Sections 189 and 189A of the Labour Relations Act 66 of 1995 provide for dismissals based on the operational requirements of the employer, or in short, retrenchment. This is why a retrenchment is often described as a dismissal that is due to no fault on the part of the employee. Indeed that is correct, as retrenchments are triggered by the technological, economic or structural requirements of the employer’s business.
In this article, we shall share insights into the main features of the procedures prescribed in Section 189 and Section 189A.
At times it becomes inevitable for retrenchments to be implemented owing to various demands, indeed there are so many factors that cause businesses to experience a slump and resort to drastic measures in order to stay afloat. These factors may be caused by economic depressions, political upheavals, mergers and acquisitions and so on. The same is true even as technology advances in this age where a lot of business transactions are now being concluded in cyberspace. The ultimate effect is that some positions become redundant and if the employees cannot be accommodated in other departments of the business, they may end up being retrenched.
Both sections must be read in conjunction with each other. Section 189 of the LRA provides a basic framework for retrenchments whilst section 189A provides for added requirements e.g. minimum consultation periods, an independent facilitator of the consultation process, section applies where large-scale retrenchments are contemplated etc. However, both procedures are initiated by a Section 189 (3) notice which invites parties that are meant to be consulted as soon as a retrenchment is contemplated. These may be anyone who is supposed to be consulted in terms of a collective agreement, a workplace forum, a registered trade union or the employees likely to be affected. In the case of AMCU And Others v Royal Bafokeng Platinum Ltd and Others (CCT 181/18) the Court held that the employer not consulting or inviting a trade union representing the minority of employees is not in violation of section 189 (1) as the right to consultation does not extend to the right to be consulted individually. Therefore, it suffices if the employer consults with a trade union that represents the majority of the employees to be affected in terms of the ruling. As per the ruling in Aunde SA (Pty) Ltd v National Union of Metalworkers SA  32 ILJ 2617 (LAC), failure by the employer to consult with the affected employees or their representatives will render the process unfair.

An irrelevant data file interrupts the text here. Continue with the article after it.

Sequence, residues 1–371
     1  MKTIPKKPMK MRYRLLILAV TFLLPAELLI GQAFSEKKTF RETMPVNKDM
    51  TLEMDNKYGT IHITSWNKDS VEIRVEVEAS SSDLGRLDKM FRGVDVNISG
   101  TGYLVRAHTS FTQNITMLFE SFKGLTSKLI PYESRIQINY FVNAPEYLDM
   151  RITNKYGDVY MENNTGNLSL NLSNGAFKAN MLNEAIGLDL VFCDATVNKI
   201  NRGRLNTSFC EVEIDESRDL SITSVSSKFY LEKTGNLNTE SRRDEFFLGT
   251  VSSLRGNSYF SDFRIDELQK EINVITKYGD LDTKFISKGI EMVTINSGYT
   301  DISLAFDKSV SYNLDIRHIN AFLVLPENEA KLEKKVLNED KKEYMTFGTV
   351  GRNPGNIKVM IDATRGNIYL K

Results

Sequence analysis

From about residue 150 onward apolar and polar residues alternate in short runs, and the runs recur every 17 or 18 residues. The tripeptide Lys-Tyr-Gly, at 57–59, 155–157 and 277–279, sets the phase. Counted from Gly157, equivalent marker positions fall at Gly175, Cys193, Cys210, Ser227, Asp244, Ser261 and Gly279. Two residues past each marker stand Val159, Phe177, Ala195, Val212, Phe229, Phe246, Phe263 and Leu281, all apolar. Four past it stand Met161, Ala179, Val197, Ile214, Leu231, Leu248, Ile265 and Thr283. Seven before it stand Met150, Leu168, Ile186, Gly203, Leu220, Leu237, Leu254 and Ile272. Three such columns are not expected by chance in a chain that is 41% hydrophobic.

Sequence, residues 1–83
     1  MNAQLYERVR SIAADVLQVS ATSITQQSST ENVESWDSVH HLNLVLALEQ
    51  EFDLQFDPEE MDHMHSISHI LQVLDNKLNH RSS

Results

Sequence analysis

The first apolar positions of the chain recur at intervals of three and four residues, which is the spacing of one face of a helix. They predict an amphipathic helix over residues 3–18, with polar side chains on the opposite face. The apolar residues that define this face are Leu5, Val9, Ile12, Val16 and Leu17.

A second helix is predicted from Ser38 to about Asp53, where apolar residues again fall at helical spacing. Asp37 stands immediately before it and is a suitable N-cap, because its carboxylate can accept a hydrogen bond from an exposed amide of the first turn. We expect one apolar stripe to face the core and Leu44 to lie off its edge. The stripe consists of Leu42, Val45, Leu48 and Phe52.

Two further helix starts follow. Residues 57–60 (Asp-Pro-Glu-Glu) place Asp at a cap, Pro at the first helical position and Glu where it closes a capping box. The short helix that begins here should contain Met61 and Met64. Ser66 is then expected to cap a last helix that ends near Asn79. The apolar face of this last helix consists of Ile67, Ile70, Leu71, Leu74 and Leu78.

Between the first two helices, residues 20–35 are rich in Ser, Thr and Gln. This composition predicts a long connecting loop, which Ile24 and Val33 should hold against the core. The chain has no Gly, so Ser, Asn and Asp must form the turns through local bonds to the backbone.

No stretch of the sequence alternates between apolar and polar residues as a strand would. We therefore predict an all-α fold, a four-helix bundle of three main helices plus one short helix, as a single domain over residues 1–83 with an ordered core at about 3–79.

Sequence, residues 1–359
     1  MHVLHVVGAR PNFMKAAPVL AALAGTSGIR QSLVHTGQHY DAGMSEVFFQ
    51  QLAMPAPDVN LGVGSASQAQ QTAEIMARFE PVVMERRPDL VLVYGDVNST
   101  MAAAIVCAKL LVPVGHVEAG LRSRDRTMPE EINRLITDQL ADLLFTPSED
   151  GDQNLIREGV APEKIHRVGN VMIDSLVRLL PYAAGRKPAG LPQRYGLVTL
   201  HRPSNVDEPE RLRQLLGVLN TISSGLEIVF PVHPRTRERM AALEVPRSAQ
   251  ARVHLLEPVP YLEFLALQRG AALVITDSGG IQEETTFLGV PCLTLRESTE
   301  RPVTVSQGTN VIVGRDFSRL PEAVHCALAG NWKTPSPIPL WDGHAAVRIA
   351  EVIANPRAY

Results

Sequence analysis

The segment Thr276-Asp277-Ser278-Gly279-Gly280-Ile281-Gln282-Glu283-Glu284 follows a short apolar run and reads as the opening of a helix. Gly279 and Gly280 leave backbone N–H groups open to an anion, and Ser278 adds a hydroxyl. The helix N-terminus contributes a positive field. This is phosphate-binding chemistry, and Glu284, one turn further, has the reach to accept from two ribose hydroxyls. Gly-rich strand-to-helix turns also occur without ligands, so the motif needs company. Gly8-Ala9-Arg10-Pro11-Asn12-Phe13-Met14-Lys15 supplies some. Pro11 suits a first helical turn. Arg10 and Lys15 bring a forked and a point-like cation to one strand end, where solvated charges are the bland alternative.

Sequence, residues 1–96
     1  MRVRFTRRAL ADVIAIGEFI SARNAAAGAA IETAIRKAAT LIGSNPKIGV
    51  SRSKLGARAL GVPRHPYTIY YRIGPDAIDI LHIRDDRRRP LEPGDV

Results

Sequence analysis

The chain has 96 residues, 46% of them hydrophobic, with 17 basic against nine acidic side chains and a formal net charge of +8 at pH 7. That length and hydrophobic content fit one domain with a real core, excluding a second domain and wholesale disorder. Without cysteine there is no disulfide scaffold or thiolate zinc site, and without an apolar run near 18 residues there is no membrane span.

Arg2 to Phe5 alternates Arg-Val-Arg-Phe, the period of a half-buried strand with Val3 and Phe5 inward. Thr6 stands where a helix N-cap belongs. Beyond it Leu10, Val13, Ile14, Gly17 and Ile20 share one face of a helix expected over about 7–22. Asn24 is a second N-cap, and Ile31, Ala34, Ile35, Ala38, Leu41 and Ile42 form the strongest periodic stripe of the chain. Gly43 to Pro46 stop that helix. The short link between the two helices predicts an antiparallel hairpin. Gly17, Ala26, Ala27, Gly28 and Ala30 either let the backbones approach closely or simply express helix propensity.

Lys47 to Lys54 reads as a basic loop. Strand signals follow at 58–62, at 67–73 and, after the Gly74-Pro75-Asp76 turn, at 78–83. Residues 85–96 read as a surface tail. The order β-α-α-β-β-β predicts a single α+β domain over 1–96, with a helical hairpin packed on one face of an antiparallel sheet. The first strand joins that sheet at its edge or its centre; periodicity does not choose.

The main feature of the procedure provided in section 189A of the LRA is that it applies where an employer who employs more than fifty (50) employees contemplates dismissing the following numbers of employees on grounds of operational requirements:
The requirements of Section 189A go further than the basic guide provided for in Section 189, for obvious reasons. There is no doubt that where big employers implement large-scale retrenchments, the impact is felt on the ground and its ripple effects are far-reaching. Consequently, there is far more consultation in terms of the Section 189A procedure than the Section 189 process. Further and in terms of Section 189A (3), either the employer, the consulting parties representing the majority of employees affected by the dismissal, or by agreement amongst/between the parties, may request a Commissioner from the CCMA to facilitate the consultation process upon giving notice. This is obviously meant to ensure that the process is fair, objective and that the necessary substantive issues are considered before the dismissals are implemented.
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